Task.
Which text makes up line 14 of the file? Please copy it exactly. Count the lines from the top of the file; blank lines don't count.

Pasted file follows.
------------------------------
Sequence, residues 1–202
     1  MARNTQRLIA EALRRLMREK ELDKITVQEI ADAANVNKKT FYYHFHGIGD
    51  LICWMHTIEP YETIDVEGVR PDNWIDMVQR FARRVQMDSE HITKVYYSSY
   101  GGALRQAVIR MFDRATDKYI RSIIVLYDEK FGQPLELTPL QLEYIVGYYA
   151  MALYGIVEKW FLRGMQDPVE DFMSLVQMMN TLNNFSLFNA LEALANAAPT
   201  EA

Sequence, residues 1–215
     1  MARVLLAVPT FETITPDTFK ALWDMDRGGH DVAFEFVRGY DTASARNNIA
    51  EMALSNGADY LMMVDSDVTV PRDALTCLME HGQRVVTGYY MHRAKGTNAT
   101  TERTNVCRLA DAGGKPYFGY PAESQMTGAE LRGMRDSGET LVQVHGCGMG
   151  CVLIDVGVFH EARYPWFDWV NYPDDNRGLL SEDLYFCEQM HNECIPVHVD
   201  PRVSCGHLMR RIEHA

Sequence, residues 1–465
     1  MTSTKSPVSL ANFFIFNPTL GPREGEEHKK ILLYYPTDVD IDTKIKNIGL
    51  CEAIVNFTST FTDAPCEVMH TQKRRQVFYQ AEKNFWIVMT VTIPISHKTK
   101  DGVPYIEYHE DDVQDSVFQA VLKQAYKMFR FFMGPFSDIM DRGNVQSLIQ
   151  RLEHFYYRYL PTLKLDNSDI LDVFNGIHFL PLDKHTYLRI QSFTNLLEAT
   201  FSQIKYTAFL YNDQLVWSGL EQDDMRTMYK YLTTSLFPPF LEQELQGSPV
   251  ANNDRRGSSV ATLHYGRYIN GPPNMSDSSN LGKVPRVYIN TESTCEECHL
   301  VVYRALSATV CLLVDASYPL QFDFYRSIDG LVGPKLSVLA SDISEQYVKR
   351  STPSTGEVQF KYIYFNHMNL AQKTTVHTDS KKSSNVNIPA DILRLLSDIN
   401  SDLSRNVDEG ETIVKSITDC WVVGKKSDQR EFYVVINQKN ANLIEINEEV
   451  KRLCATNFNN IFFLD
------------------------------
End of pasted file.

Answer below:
     1  MTSTKSPVSL ANFFIFNPTL GPREGEEHKK ILLYYPTDVD IDTKIKNIGL